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Escapes and roof chases kept the policemen in good physical condition

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The police operated at various height levels. A pickpocket plucked from a tree

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At the commissariat, a thief surrenders a watch he had swallowed

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Family drama: The father is not dead yet, but the fierce competition among the siblings is already in a full swing

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A police commissaire is seriously injured in a Paris riot

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Another victim of duty, an undercover police officer is shot in front of the Moulin Rouge

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Acts of bravery and dedication abounded despite the public contempt for policemen

Related posts:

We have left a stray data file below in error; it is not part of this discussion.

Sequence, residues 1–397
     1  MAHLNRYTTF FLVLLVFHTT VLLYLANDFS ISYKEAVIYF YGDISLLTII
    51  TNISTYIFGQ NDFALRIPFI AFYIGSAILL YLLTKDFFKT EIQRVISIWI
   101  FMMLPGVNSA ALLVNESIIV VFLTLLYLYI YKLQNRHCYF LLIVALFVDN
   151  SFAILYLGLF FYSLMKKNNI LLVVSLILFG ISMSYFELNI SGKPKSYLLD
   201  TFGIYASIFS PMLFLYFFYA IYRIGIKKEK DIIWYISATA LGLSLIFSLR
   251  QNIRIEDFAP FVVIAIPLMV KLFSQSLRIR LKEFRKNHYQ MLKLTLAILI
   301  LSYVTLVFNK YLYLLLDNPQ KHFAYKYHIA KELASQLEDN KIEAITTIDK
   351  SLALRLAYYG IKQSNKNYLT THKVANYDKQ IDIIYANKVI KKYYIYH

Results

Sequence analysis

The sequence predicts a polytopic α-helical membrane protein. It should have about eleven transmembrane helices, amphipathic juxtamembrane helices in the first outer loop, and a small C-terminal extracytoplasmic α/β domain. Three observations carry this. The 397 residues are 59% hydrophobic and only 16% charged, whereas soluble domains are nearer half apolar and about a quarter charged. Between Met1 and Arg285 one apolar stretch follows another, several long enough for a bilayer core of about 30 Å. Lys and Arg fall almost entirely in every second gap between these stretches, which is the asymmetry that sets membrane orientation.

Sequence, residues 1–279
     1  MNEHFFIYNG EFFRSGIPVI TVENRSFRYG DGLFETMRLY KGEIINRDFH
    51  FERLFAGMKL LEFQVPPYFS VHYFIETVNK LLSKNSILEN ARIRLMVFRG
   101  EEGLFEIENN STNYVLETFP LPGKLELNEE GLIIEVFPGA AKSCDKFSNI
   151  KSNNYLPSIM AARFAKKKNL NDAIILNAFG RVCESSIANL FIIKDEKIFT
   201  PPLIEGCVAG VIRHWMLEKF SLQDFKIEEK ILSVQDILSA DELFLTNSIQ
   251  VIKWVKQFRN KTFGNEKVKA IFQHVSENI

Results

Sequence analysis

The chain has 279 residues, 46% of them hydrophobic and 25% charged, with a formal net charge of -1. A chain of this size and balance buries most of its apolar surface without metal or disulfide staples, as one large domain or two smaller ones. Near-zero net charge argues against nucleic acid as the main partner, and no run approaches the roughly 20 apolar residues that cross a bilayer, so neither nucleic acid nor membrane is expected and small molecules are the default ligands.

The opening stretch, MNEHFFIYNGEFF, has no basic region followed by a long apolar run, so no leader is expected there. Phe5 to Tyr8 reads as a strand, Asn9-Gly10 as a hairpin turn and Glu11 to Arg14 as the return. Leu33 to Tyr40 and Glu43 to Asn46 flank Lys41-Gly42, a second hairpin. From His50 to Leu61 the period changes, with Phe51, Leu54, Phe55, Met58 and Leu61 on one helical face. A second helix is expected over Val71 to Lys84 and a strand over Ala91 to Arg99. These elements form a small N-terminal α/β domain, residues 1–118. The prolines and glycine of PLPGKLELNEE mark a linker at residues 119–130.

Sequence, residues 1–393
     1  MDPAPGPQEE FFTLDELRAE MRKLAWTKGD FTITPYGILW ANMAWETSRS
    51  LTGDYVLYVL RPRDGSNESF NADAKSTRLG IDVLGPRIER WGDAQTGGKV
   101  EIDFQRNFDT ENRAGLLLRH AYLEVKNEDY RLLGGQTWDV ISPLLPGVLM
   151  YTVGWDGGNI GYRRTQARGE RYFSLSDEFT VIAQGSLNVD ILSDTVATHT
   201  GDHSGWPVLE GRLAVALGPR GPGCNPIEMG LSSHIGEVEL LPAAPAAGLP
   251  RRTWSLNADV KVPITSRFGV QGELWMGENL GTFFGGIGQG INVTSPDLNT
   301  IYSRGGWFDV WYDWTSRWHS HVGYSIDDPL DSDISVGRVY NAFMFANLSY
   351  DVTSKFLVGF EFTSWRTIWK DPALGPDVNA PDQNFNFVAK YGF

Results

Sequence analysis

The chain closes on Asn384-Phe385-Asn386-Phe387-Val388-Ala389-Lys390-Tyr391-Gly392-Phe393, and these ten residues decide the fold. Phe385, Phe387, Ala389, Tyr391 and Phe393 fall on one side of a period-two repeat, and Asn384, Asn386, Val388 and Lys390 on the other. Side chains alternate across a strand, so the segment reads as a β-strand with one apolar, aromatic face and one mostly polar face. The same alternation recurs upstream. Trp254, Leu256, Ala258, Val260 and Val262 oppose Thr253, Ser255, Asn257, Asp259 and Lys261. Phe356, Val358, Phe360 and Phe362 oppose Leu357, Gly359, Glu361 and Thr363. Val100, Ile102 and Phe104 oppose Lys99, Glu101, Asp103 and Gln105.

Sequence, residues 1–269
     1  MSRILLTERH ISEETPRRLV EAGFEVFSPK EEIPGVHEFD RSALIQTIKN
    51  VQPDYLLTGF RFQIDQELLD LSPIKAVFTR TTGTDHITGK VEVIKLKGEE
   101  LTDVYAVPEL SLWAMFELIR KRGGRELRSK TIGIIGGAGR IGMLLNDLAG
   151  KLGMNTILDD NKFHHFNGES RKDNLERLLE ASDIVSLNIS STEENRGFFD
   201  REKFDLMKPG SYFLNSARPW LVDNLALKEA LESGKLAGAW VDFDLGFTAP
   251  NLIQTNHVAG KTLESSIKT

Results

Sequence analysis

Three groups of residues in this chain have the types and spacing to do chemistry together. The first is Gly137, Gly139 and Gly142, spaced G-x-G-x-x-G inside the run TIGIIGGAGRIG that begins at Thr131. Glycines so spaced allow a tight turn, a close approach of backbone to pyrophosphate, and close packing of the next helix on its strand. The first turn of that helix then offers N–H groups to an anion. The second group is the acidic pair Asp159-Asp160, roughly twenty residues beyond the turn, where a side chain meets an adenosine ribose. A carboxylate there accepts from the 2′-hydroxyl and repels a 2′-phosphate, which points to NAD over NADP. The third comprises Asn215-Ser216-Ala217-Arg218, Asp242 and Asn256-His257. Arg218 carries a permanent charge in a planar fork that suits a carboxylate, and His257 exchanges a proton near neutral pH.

The Gangs of Paris: Les Apaches

Murder Most Horrible: The Bloody Trunk Case

Saint-Lazare: Women in Prison

1890’s Terror in Paris: History Repeating Itself

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Apaches at Work

Encounter of the Apaches with the police on the Place de la Bastille

 

Tourist traps were not invented yesterday. The Parisians have got the hang of it very early on. One of the tourist attractions in the past was the glimpse of the redoubtable Apaches, the vicious gangs that terrorized Paris. (More about them in The Gangs of Paris.) Like other tourists, the American author and humorist Irvin S. Cobb followed this fashion of playing with the fire. We first came in contact with his caustic humor in Jacques Takes a Bath where he questions the local hygiene. In the following text, Cobb explores the Paris underground hoping for an adrenaline high in mingling with the Apaches: